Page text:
Centenary Remembers Alum, Long-time Announcer Dennis Boddie
His voice was one of the most-recognizable on the radio and at games. Now, we'll never get to hear it again.
Dennis Boddie passed away over the weekend at age 56. Shreveport police were sent to his house to check on him after he didn't show up to announce Saturday's Independence Bowl game.
We remember him well here at Townsquare Media. He was a personality on KVKI for many years before his health deteriorated to the point that he had to be hospitalized. He went through extensive rehab after that, and made an impressive recovery. He had made so much progress over the last few months that it came as a huge shock when we learned of his sudden passing.
Dennis was not only a voice of KVKI, he was also the voice of Centenary Ladies and Gents basketball for more than three decades. According to a news release from the college, he entered Centenary as a freshman in 1977, was a DJ for the collegiate radio station, and added PA for the Ladies basketball team to his resume in 1981. Two years later, he also became the voice of the Gents.
In 2011, Centenary recognized Dennis during the season with a plaque to commemorate his 30th year as the public address announcer for the Ladies and Gents. In 2013, he received an Honorary Varsity Letter during the annual Homecoming festivities to honor him for his dedication and passion for Centenary athletics.
Most recently, he was a weekend board operator at Alpha Media in Shreveport. He also served as the PA voice for the Independence Bowl for more than two decades.
One of the things people who knew him well remember best was his tremendous love for the Washington Redskins. He touched a lot of lives, was loved by many, and made his mark in this community. We will truly miss him.
A Go Fund Me account has been set up in his name to help his family with funeral expenses.
Here's what the folks at Centenary are saying about him:
Glenn Evans, Centenary soccer coach and fellow game day table worker
“Dennis had a perpetual smile on his face. I was his professor in one of his classes he took as a freshman in 1977, and I could tell from the start he was very out-going and a hard worker. I have known and worked with him for more than 40 years. Him being a Redskins fan and me being a diehard Cowboys fan, we had plenty of fun, verbal battles. Washington probably wrapped up the NFC East his past weekend because Dennis was up in heaven manipulating the outcome.”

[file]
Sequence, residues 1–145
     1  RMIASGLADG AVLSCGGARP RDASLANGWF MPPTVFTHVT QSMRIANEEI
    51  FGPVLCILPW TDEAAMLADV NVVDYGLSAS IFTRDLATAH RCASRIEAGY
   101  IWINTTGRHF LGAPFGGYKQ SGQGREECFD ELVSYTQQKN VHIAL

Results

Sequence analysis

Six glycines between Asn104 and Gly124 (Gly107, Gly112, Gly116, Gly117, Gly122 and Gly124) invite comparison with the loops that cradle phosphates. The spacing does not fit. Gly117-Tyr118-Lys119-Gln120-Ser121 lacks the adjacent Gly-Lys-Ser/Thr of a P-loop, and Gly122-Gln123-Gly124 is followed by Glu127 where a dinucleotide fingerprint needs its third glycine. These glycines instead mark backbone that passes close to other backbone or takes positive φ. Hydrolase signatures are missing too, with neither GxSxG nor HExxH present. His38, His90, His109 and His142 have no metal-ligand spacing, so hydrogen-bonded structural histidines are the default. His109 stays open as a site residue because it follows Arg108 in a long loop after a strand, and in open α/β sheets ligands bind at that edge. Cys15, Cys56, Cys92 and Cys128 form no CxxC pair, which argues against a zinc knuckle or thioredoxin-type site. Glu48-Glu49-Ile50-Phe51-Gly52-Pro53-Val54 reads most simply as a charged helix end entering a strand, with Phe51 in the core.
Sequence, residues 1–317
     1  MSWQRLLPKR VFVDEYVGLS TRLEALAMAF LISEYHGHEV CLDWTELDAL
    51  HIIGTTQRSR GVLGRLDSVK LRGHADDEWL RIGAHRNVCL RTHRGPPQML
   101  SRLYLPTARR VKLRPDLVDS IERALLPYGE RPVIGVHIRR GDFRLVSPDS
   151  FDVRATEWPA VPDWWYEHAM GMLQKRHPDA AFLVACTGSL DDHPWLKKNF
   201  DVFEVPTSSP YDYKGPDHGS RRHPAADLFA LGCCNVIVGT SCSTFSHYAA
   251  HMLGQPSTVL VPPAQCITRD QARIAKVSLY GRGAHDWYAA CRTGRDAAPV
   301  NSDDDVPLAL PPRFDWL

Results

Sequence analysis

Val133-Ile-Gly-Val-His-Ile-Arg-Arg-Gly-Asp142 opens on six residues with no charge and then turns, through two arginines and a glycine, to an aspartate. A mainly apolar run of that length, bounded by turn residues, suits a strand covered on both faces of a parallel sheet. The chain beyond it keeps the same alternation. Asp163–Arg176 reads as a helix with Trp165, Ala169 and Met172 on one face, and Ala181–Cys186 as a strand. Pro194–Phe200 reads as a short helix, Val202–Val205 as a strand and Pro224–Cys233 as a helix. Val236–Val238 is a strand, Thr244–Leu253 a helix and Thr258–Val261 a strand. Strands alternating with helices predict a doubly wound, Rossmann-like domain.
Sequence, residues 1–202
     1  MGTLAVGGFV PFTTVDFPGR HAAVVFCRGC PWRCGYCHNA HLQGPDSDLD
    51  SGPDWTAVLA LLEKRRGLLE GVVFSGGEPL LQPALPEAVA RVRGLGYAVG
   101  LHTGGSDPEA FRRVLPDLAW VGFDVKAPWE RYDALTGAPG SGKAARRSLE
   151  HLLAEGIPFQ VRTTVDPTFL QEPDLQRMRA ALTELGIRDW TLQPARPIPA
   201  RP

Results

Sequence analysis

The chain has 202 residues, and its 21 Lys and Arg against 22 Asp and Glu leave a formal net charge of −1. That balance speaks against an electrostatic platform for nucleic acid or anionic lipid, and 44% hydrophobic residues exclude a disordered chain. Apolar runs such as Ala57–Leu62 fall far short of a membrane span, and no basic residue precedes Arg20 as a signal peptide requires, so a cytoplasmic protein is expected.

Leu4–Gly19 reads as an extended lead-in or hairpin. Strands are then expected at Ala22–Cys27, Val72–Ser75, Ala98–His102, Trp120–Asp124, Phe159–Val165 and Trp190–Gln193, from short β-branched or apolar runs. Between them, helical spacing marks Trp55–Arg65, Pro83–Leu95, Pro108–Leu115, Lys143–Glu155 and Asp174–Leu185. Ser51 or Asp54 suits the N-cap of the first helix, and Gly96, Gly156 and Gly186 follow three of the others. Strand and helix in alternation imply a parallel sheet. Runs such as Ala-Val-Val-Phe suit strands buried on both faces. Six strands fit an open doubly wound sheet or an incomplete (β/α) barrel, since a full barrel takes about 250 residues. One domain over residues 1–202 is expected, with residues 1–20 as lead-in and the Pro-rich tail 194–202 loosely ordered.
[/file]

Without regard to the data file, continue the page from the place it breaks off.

Billy Kennedy, current Texas A&M and former Centenary (1997-99) Head Men’s Basketball Coach
“Dennis was loyal and committed to Centenary basketball. I’m thankful for the short time I had in my two years with him in the Gold Dome. He will surely be missed.”
Patrick Netherton, former Centenary Sports Information Director and Current radio voice of Northwestern State Basketball
“Dennis Boddie was everything you wanted in a radio DJ and a signature voice of an event. He had the smooth, rich voice to go along with an effortless delivery that made everyone listening think he was their best friend.
But personally, Dennis was one of the kindest, sweetest, gentlest people you'd ever want to meet. He always shared a kind word, asking how you were, interested in discussing your life, even when he was fighting to get back to full strength. He was literally one of the most caring souls I've ever had the privilege to know.
When we saw each other, we called each other ‘The Legend.’ Dennis truly earned that moniker.”
Adam Walsh, current Co-Interim Athletics Director and Head Men’s Basketball Coach at Centenary
“Dennis has been an amazing part of my experience here as a Gent. He embodied what living like a Gent is truly all about - caring about others more than he cared about his self and living life full of joy. He loved his Gents, his Redskins, and his friends. Dennis’ smile could light up a room, and I will forever miss his pregame check-ins and questions about our shared “home” team in the Redskins. I will always have his voice in my head.
Thanks for everything, Dennis.”